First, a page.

Historically, smaller and minority-owned banks have addressed funding gaps that larger banks ignored or even created, following exclusionary laws and policies as they turned away customers because of the color of their skin.
But the ripple effects from SVB’s collapse are being felt among these banks as well, said Nicole Elam, president and CEO of the National Bankers Association, a 96-year-old trade association representing more than 175 minority-owned banks.
Some have seen customers withdraw funds and move to larger banks out of fear, even though most minority-owned banks have a more traditional customer base, with secured loans and minimal risky investments, she said.
“You’re seeing customer flight of folks that we’ve been serving for a long time,” Elam said. “How many people may not come to us for a mortgage or small business loan or to do their banking business because they now have in their mind that they need to bank with a bank that is too big to fail? That’s the first impact of eroding public trust.”
Black-owned banks have been hit the hardest as the industry consolidates. Most don’t have as much capital to withstand economic downturns. At its peak, there were 134. Today, there are only 21.
But change is on the way. Within the last three years, the federal government, private sector and philanthropic community have invested heavily in minority-run depository institutions.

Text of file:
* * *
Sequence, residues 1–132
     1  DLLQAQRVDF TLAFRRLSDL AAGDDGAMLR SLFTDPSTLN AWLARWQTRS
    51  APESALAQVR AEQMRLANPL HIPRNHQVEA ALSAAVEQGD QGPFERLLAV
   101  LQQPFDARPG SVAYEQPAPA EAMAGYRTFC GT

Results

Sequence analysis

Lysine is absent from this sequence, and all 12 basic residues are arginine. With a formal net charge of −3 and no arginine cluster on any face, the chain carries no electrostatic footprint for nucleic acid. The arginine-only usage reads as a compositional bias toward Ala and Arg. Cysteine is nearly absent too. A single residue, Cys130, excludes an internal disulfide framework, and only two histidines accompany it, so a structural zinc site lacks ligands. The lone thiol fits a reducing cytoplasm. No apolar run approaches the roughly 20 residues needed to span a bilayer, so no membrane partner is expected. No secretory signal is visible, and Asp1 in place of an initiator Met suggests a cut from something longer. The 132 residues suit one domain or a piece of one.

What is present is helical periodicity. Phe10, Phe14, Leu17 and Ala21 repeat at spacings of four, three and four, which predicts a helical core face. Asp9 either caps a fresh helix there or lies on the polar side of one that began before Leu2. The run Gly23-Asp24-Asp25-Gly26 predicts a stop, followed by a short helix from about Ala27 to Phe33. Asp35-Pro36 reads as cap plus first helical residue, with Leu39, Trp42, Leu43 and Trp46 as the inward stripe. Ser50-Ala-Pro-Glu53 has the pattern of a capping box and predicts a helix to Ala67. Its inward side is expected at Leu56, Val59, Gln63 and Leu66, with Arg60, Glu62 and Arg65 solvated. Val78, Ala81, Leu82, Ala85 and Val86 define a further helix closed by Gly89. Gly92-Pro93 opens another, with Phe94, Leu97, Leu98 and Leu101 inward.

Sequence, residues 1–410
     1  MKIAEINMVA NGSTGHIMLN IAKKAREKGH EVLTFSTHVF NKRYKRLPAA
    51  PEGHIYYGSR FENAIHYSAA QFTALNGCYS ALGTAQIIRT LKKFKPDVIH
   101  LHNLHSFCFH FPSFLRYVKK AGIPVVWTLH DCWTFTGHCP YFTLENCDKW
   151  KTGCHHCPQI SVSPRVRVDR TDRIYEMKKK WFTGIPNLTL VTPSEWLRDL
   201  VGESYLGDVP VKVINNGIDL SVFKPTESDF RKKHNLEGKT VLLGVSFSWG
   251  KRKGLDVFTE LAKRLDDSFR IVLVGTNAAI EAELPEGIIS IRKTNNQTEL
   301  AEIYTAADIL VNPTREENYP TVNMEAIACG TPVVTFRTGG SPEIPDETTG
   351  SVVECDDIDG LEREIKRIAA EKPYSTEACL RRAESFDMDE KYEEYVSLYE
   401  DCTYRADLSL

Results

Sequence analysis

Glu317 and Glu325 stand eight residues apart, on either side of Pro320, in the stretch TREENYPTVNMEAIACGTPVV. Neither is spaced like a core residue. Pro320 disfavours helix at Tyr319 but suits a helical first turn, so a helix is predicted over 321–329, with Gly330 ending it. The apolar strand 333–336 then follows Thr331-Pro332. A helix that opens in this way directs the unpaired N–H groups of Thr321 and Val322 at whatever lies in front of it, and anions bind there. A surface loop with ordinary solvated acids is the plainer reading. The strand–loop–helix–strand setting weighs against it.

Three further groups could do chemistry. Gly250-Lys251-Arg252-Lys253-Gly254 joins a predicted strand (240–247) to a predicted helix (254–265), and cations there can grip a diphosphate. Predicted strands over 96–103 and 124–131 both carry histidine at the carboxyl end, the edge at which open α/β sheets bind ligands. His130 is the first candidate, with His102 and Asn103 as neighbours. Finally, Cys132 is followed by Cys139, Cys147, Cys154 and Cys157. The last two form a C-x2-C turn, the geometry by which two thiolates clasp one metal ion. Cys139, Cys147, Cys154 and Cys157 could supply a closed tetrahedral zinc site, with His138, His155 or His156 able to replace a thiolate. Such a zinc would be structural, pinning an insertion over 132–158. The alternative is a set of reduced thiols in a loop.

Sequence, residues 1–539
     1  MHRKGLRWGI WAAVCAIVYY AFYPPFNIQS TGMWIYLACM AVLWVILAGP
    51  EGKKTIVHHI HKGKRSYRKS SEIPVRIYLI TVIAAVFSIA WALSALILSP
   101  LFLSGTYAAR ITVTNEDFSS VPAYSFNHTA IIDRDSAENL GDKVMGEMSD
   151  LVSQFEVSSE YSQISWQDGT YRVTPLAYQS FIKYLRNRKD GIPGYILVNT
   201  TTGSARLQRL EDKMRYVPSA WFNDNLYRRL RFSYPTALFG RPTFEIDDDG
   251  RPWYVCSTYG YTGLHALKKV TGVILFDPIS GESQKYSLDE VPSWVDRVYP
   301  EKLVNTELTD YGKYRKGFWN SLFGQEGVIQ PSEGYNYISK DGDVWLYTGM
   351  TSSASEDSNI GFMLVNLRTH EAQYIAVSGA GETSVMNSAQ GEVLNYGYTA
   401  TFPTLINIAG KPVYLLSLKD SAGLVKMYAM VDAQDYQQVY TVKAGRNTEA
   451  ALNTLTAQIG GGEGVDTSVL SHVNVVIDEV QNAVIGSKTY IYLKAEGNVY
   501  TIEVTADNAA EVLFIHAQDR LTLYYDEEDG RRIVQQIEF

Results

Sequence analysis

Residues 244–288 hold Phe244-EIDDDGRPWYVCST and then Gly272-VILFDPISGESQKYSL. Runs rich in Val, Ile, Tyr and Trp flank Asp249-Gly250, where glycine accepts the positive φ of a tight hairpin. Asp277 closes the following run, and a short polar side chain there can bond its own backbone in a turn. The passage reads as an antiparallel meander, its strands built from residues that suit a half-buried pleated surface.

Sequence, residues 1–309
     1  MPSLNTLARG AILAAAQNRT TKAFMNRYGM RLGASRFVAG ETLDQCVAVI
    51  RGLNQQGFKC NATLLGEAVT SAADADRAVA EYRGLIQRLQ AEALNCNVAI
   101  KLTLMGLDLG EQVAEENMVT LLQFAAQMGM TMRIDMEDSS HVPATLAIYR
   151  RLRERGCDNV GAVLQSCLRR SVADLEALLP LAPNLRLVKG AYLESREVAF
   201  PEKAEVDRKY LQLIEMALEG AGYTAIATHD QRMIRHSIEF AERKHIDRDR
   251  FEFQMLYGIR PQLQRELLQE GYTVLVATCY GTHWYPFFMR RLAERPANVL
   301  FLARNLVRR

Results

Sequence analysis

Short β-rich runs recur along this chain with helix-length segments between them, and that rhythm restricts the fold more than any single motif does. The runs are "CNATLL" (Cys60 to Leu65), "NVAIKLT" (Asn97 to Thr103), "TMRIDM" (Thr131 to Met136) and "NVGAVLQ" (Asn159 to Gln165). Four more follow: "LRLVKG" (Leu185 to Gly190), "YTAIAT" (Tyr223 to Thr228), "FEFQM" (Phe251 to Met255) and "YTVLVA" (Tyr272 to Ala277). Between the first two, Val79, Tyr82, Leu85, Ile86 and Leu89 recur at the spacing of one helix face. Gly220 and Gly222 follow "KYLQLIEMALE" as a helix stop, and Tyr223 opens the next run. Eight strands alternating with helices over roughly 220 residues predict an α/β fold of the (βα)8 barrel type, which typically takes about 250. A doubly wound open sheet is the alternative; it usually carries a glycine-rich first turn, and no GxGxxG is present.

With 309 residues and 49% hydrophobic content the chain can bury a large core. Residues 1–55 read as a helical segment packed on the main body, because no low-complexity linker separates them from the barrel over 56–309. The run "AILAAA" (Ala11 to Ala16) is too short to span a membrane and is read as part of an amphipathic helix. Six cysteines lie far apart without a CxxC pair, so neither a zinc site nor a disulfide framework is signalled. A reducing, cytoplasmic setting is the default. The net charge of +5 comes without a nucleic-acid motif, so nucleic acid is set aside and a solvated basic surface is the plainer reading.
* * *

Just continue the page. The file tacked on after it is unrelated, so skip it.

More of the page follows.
“In response to this national conversation around racial equity, people are really seeing minority banks are key to wealth creation and key to helping to close the wealth gap,” Elam said.
Bradley also is an angel investor, providing seed money for a number of entrepreneurs, and is seeing new opportunities as people network in the WhatsApp group to help each other remain afloat and grow.
“I’m really so hopeful,” Bradley said. “Even in the downfall of SVB, it has managed to form this incredible community of folks that are trying to help each other to succeed. They’re saying, ‘SVB was here for us, now we’re going to be here for each other.’”
This article has been corrected to say that Known Holdings is a finance and asset management firm focused on the sustainable growth of minority-managed funds.
Stafford, based in Detroit, is a national investigative race writer for the AP’s Race and Ethnicity team. Follow her on Twitter: https://twitter.com/kat__stafford. Savage reported from Chicago and is a corps member for the Associated Press/Report for America Statehouse News Initiative. Report for America is a nonprofit national service program that places journalists in local newsrooms to report on undercovered issues.